“If you’re down on yourself because you can’t get a job–boom! We’re going to go through the stages to get you some wages—huh! Chism-bop!” It looks like even Stephen Colbert was in on my lousy failure of a job hunt day.
I was once watching a TV interview with the guy that plays Edward Cullen. An audience member asked him when the last time he cried was. He answered that he’d turned on the TV when he had a cold and an ad asked, “Do you feel congested? Do you suffer from a cough, sore throat or headache?” As he realized the answer to all of those questions was yes, he just started to cry. After my day of ignorant and directionless job searching, it’s a good thing Stephen Colbert didn’t ask me if I was down on myself because I can’t get a job—I might’ve pulled an Edward Cullen and started to cry.
It’s official; I’m interning in Southeast Asia for three months this summer (including hopefully producing a documentary on human trafficking and giving you guys a taste of one of the most diverse areas of religious devotion in the world through continued weekly articles). But, particularly since my ORCA grant got declined, I officially can’t afford the trip. With that in mind, I did what any sane person in need of additional funds would do; I started entering online sweepstakes, waking up at 5 a.m. to catch the radio morning show giveaways and started taking surveys for cash.
No, the above is just silliness; I’ve been taking surveys for cash for years and the other two I only tried once or twice. Employment (along with the 3,000 scholarships and grants that I get reject letters from daily) is really my only option. I set up camp next to the jobs board at BYU and actually found some promising little ditties. I submitted a resume for a position as a transcriber (which I already do on occasion for Mormon Artist); I know I’m good at it, besides “it’s not how fast you type, it’s how mad you hype-pepper pot!” But apparently it is how fast you type, because some other lucky stiff with fingers like a hummingbird’s wings beat me out.
When the BYU bookstore posted a job opening early this morning I knew I had to get in there before some vulture swooped in and snatched it up (I don’t know what’s with my bird analogies). I went to HR first thing, but they were randomly and inexplicably out until 1 p.m. I had a straight block of classes from 1 to 3, so to save my potential spot I sent an email to the director of the bookstore hoping that that could serve as a proverbial foot in the door. I got an email back that said something along the lines of “you’re so talented and smart, this job would be too boring for you.” And when I returned to HR at 3:03, the position had been filled.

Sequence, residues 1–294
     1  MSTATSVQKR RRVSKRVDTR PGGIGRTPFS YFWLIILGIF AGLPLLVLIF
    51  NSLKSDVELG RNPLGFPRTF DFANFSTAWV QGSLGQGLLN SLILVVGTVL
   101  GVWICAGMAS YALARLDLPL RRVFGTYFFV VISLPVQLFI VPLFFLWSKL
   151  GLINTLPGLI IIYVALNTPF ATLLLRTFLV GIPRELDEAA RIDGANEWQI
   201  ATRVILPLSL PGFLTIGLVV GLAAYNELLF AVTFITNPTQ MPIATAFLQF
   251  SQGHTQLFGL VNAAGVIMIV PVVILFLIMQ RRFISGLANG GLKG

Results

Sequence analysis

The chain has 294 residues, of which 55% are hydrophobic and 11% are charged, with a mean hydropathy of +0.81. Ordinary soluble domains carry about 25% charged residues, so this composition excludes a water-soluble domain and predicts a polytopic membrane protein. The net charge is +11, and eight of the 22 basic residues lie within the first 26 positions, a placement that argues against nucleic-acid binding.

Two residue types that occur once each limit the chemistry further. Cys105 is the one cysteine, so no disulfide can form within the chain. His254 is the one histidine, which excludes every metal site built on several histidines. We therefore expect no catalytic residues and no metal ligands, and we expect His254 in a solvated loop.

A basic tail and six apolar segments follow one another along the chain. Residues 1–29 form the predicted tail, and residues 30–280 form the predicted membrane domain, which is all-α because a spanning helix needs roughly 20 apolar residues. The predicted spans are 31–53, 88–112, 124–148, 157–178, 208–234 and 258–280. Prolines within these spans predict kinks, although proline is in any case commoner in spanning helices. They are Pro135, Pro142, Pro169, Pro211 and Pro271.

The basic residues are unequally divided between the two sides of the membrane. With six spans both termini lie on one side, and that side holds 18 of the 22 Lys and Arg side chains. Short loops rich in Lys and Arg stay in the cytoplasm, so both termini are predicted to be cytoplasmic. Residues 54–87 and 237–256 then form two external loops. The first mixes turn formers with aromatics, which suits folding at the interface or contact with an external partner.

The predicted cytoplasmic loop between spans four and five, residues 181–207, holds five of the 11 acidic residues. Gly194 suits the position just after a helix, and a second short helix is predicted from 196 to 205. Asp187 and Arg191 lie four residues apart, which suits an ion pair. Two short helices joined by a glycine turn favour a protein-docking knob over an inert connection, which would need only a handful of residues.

I’ve been finding this a lot lately in my job search, people in my life that hear about the kind of positions I’m applying for and just guffaw. I have so-and-so on the one side telling me he’ll pay me not to sell my plasma (not saying I’ve considered it, but let’s just say I’ve considered it). Then I have nameless on my other side saying “Burger King!? I’ll get you to come work for me instead.” All these offers or explanations of why I’m better than that and I still have absolutely no money coming at me from any direction.
I walked along in the Indian summer of downtown Provo looking for “help wanted” signs and wishing I had two quarters to rub together. It was a sad moment when I realized that adulthood has transformed me into the kind of person that would use those two quarters to get a newspaper to check out the classifieds’ section rather than stick them in a gumball machine and turn the knob.
It’s just a funny time to need a quick-fix employment set up and some major cash flow, because economically we’re in this era of taking tight and desperate hold of the job you’ve got and kicking the knees of anyone that floats on the assumption of a high turnover rate. The times are strange when those guffaw-ers, for the most part, really aren’t in a position to help me even if they wanted to because they are rocking the recession-ista scene as much as I am. “It ain’t the aspiring to the hiring, it’s the motion to the self-promotion—dig!” What makes my job hunt the most difficult, though, is just that the common denominator in it all is me. My motion for self-promotion is static, and I don’t know how to vamp up my esteem in a way that’ll get that “I’m just what you need” train running again.